Of course, it’s only a matter of time till we’re all screwed anyway. Full digital distribution isn’t that far off and when it does come, goodbye used game sales, goodbye trade-ins, goodbye license of the game you purchased whenever companies decide to revoke it. Enjoy a repurchase next generation. The best you can do to fight is boycott products like this and vote with your dollar. Remember, it all comes down to dollars and cents – money speaks louder than words.



Stanton Daries Staff Alumnus

06/28/2011 at 01:45 PM

I pledge to not buy this game!

Jason Ross Senior Editor

06/28/2011 at 02:02 PM

The good part? Anyone who doesn't buy this game because Capcom has disabled save deletion will be looped into the group of people Capcom suggests didn't buy their game because there's just no market for games on the 3DS.

Like how people didn't buy enough Resident Evil Rail Shooters on the Wii.

Joaquim Mira Media Manager

06/28/2011 at 04:22 PM

If only the gaming industry would start their own retail chain. It would solve all the problems they whine about, and torture their clients with. Every used game sales they could ever want would logically revert back to the respective publishers/developers.

Jason Ross Senior Editor

06/28/2011 at 06:56 PM

I still find it enlightening that Honda and several other car companies advertise resale value as a reason to buy their cars. GameStop does the same with Nintendo's games, with trade-in prices far higher than that of other games. As it stands here, with the rising price of individual games, game trades and used sales often fund new purchases. Considering how quickly nearly every game released drops its price on store shelves, early sales are vastly more important than later ones, and a lot of gamers can only afford buying a game on the launch week thanks to trade-ins. I'm not really making much of a well-thought out argument here, more listing a few observations, but I'm sure there's some strong correlations to be found between restrictions of game content and the increase in used games sales. Or at least, there's something like that to be found in a real analysis.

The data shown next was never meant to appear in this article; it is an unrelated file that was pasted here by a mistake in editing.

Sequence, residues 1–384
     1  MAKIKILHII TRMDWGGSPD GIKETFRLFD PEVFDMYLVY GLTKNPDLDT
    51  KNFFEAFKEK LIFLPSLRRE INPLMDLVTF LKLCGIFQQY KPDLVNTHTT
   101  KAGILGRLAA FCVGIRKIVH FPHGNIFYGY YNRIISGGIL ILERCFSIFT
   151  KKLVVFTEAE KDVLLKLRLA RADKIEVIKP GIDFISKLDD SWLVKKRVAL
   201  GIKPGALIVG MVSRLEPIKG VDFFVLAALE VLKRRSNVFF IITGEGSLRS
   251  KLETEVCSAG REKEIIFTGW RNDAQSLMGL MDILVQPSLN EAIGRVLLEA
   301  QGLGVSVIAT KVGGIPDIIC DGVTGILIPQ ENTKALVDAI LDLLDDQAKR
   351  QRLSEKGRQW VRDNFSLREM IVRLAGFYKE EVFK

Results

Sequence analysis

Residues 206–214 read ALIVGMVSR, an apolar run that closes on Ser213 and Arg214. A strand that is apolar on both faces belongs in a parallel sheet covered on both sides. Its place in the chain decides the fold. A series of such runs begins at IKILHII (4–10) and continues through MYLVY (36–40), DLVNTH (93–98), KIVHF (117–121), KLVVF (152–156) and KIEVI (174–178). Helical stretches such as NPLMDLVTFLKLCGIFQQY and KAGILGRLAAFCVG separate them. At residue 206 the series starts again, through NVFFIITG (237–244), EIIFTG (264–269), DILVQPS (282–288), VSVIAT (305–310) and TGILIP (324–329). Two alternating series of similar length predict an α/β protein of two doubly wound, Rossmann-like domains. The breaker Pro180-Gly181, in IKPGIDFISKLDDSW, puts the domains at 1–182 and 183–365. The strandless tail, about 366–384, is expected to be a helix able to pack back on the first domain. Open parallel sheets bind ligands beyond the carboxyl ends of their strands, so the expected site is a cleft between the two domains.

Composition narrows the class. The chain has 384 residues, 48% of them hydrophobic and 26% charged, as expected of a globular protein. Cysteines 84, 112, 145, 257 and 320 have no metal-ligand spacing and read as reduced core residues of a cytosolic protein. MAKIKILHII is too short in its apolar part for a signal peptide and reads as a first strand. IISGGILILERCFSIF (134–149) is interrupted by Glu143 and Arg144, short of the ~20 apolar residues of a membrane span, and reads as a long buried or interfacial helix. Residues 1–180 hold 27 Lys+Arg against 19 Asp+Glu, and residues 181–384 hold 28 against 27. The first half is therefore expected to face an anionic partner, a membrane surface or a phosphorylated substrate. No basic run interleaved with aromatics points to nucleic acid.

Regardless, it's not like Mercenaries was an outstanding mode to begin with in 5. I didn't play the mode in 4, so I can't suggest an opinion there. Point being, the game is a cheap enough cash-in from Capcom as is. If any gaming player asked me if they should pick up this title or wait for Revelations, the clear answer is Revelations. Mercenaries seemed to be an inclusion to the Resident Evil line just so the back of the box could advertise a few more game modes. I know it has it's fans, but outside the small group who enjoy intentionally impeded movement with a mass onslaught of enemies, I don't think the Mercenaries experience I had would fit too many tastes, really.

Lukasz Balicki Staff Alumnus

06/28/2011 at 09:08 PM

While it won't affect me in a big way since I find the mercs mode in each Resident Evil game re-playable, I doubt that I will get rid of this, then again I rarely get rid of games. I can still see how some people will be frustrated that they can't delete save data.

I think the PSN DRM implementation of some Capcom games is 20 times worse than this anyways.

Kyle Charizanis Staff Alumnus

06/28/2011 at 10:37 PM

So wait...does the "New Game" option just get erased after you save once? Or could you still start a new game but not save anymore?

Anyway, very interesting article.

Joaquim Mira Media Manager

06/28/2011 at 10:38 PM

I was reading some comments on Kotaku about Capcom's public denial that their choice had nothing to do with second hand sales, and one of the comments made so much sense. What if the save file corrupts? You can't delete it, so... lolz?

Jason Ross Senior Editor

06/28/2011 at 11:16 PM

Capcom makes perfect games, Joaquim. Their save files can't be corrupted. No one would want to resell this one, anyway. It's a non-issue.

Matt McLennan Staff Alumnus

06/29/2011 at 11:48 AM

Oh Capcom, you silly company you. Just you wait for my steaming pile of hatred coming soon!